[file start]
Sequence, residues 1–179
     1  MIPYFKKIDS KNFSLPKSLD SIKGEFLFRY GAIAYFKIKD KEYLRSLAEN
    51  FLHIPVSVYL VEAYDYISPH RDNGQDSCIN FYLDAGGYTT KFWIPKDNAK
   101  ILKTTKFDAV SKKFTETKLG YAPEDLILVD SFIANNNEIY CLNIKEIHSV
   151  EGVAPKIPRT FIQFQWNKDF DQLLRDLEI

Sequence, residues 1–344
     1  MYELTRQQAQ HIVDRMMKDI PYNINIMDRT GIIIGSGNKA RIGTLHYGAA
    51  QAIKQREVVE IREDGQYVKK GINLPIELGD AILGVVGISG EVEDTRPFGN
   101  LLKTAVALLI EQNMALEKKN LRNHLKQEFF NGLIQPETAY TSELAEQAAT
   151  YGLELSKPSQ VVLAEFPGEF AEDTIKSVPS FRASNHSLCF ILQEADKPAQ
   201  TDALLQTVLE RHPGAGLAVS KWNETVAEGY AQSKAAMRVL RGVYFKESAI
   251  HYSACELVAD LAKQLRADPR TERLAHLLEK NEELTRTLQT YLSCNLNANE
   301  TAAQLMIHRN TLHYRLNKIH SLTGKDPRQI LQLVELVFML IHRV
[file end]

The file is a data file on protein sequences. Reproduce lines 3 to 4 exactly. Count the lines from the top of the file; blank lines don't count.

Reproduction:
    51  FLHIPVSVYL VEAYDYISPH RDNGQDSCIN FYLDAGGYTT KFWIPKDNAK
   101  ILKTTKFDAV SKKFTETKLG YAPEDLILVD SFIANNNEIY CLNIKEIHSV